What kind of rubric do I want?
When choosing between a holistic rubric and an analytic rubric consider if you are judging the work solely as a whole (holistically), or if you intend to mark each aspect of the assignment individually to get a total score (analytically).
The right rubric for you is the one that fits—there are no best practices that suggest that it should fit on one page, be a certain number criteria, or have an even or odd number of levels of achievement.
Consider the context—is this a formative assessment (for learning) or a summative assessment (of learning). Put another way, is the assessment a check-up? Or is it an autopsy?
Remember! Rubrics illustrate levels of achievement—this means that rubrics don’t have negative scoring, or empty spaces. A student should be able to see the rubric and match it to their work, and understand what improvement looks like. Additionally, there shouldn’t be “half marks.” This means no circling the line between a 2 and 3 and calling it a 2.5. If you want half points, write them into the rubric at the start, and define what exactly a 2.5 looks like.
Stevens and Levi (2013) describe 4 steps to building a rubric:
- Why is this being assigned?
- What exactly is being asked of the students? (What tasks are they completing?)
- What to students need to have learned to successfully complete the assignment?
- What are the specific learning goals of the assignment?
- What does an exemplary result look like for each criteria?
- What does failure look like for each criteria?
3. Grouping / Labeling
- Which goals can be combined into criteria, and which should remain separate for distinct marking?
- Considering the expectations for each learning goal above, begin to group these expectations together and consider how they would be classified.
- Begin filling out the actual rubric itself (either a criteria based grid, or a holistic bullet list)
- List the criteria for marking down the left column, and create column right for each level of achievement you would like.
- A best practice is to start with the absolute extremes, the highest and lowest levels of achievement—these are the easiest to consider and describe.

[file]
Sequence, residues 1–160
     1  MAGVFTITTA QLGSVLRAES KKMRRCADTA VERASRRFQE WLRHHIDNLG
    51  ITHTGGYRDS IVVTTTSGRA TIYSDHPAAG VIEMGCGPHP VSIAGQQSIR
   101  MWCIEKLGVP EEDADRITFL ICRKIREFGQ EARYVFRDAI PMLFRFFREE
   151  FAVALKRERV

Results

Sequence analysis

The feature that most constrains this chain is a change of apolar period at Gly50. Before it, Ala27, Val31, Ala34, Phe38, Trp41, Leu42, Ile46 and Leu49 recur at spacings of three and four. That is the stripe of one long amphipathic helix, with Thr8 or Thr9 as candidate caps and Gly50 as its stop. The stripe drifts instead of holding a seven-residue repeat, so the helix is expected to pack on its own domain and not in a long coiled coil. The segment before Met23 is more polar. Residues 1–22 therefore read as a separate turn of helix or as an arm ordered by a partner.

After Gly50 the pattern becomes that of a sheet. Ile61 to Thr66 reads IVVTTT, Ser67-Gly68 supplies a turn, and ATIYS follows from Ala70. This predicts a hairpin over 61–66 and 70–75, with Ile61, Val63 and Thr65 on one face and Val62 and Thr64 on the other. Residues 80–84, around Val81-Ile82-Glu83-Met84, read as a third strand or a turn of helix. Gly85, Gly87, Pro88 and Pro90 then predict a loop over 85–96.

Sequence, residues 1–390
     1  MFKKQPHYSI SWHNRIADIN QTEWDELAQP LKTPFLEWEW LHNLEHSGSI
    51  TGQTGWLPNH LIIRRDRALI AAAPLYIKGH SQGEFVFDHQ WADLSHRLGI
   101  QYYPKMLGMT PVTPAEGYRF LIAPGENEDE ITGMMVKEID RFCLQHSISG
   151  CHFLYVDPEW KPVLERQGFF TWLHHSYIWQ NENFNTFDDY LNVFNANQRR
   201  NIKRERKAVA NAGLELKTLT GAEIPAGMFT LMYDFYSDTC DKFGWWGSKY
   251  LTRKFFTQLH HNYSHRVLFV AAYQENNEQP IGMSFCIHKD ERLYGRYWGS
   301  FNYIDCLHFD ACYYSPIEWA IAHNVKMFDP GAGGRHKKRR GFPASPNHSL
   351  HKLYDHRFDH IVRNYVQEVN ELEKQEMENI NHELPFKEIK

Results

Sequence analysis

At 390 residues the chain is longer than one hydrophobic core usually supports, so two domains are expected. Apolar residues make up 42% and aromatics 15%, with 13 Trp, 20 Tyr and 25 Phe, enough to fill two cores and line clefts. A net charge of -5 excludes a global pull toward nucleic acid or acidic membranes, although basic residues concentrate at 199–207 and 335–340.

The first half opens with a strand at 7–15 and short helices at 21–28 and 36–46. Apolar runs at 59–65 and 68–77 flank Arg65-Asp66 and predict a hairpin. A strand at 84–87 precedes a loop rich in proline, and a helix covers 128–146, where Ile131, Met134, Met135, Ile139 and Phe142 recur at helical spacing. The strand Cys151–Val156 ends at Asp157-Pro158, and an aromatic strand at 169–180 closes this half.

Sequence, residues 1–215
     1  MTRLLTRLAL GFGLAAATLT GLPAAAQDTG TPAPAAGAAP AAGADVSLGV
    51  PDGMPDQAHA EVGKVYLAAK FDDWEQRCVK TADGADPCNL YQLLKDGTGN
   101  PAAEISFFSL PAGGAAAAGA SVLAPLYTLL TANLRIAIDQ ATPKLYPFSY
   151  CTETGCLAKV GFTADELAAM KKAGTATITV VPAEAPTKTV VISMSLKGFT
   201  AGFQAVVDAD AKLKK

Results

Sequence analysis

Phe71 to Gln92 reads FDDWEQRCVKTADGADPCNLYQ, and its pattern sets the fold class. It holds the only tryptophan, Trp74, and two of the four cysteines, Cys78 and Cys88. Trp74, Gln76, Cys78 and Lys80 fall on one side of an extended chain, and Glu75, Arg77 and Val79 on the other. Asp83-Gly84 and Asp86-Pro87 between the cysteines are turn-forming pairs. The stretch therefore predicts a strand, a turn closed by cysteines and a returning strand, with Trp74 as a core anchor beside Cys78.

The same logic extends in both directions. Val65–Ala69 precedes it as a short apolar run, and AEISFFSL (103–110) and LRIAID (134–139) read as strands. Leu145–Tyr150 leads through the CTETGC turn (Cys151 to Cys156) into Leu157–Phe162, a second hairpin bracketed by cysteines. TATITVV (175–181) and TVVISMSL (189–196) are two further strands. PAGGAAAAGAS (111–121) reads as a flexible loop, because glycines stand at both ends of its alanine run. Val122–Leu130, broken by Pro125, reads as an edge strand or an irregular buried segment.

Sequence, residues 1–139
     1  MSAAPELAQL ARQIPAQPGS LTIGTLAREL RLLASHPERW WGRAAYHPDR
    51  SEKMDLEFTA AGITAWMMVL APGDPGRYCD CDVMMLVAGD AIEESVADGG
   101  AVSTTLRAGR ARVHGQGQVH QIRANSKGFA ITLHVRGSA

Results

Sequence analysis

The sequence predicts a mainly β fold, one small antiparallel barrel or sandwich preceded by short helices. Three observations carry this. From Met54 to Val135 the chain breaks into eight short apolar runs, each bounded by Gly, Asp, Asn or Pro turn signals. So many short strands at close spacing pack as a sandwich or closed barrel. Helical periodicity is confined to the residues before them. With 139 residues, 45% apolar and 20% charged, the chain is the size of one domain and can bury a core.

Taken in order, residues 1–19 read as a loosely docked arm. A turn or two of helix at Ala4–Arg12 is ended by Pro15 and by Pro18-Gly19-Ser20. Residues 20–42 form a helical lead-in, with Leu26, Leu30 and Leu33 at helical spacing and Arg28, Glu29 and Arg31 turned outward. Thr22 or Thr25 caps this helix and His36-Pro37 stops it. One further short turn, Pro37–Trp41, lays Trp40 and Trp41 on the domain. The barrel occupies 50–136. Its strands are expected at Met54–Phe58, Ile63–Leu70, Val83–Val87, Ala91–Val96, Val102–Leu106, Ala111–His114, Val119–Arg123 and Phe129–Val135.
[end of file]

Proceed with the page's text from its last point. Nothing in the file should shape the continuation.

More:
AAC&U VALUE Project: The American Association of Colleges & Universities convened expert instructors from 100 universities and colleges in the United States to design sample rubrics in 16 different frequently covered subject areas. These are available as a free download. These work well as starting points that can be adjusted as your assignment needs. Learning Services has copies of these, and can assist you in adapting a VALUE rubric to your course.
Certainly not required, but we strongly recommend you consider it. A rubric is a way to reinforce what exactly is important, by assigning marks based on performance. Boud and Falchikov (2007) note how assessments send signals about what is important by what gets marks: “Assessment, rather than teaching, has a major influence on students’ learning. It directs attention to what is important. It acts as an incentive for study.”
Rubrics can also serve as a defense against grade appeals. If students are provided expectations ahead of time with rubrics, they are far less likely to be able to challenge a grading decision.
No! The rubric is about setting standards of achievement, and what that achievement looks like. If the assessment is quantitative and has a strict answer, you can for example, create a criteria called “Arrives at Correct Answer”’ and have the performance be “Yes” or “No,” then have other criteria be about the process and steps. If you only have quantitative questions and aren’t marking on process, a rubric may not be appropriate this time.
This is entirely dependant on the assessor (you) and the assignment. There is no “magic” number or formula, nor is there a single “best practice.” Some instructors prefer an odd number so there is a middle ground that most work should fall into, with tails on either side; some instructors prefer an even number to create a forced choice effect—decisions can’t be punted to a “safe” middle ground.
We understand that sometimes instructors would like to indicate to students where a critical error was made by indicating where points were subtracted. Canvas won’t allow this because, technically, rubrics can’t have negative values. Rubrics communicate earned levels of achievement to the student, which are explained in each box. You can create a criteria where it is possible to earn 0 points, but you can’t have the box read -10 points.
If you would like to override the grade that the rubric comes up with, you will have to convert the rubric to “free-form comments.” This setting is available in the settings for the rubric. BE aware! This setting must be done ahead of time, and eliminates the levels of achievement and descriptions in the boxes. This moves the rubric closer to a scoring guide.
If you find yourself questioning the output of the rubric frequently, you may want to consider changing the criteria, or what constitutes each level of achievement.
A note about curving individual assignments: using rubrics while also curving individual assignments is not recommended, especially if marking with a rubric in Canvas. The goals of marking with a rubric (criteria-based earned marks) clash strongly with the goals of curving (marking achievement based on others in the group.)